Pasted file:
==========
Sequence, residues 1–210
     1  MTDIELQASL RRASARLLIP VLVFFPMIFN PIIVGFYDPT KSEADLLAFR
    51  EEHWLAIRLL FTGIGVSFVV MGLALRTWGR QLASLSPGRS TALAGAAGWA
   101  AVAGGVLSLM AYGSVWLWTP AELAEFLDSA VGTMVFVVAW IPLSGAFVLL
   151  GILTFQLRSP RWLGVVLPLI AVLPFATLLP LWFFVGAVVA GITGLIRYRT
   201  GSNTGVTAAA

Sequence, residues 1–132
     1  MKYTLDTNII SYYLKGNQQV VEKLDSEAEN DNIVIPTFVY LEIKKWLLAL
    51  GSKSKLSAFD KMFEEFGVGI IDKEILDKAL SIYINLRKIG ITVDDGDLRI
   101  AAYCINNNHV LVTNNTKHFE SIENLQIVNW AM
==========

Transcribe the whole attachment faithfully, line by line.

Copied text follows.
Sequence, residues 1–210
     1  MTDIELQASL RRASARLLIP VLVFFPMIFN PIIVGFYDPT KSEADLLAFR
    51  EEHWLAIRLL FTGIGVSFVV MGLALRTWGR QLASLSPGRS TALAGAAGWA
   101  AVAGGVLSLM AYGSVWLWTP AELAEFLDSA VGTMVFVVAW IPLSGAFVLL
   151  GILTFQLRSP RWLGVVLPLI AVLPFATLLP LWFFVGAVVA GITGLIRYRT
   201  GSNTGVTAAA

Sequence, residues 1–132
     1  MKYTLDTNII SYYLKGNQQV VEKLDSEAEN DNIVIPTFVY LEIKKWLLAL
    51  GSKSKLSAFD KMFEEFGVGI IDKEILDKAL SIYINLRKIG ITVDDGDLRI
   101  AAYCINNNHV LVTNNTKHFE SIENLQIVNW AM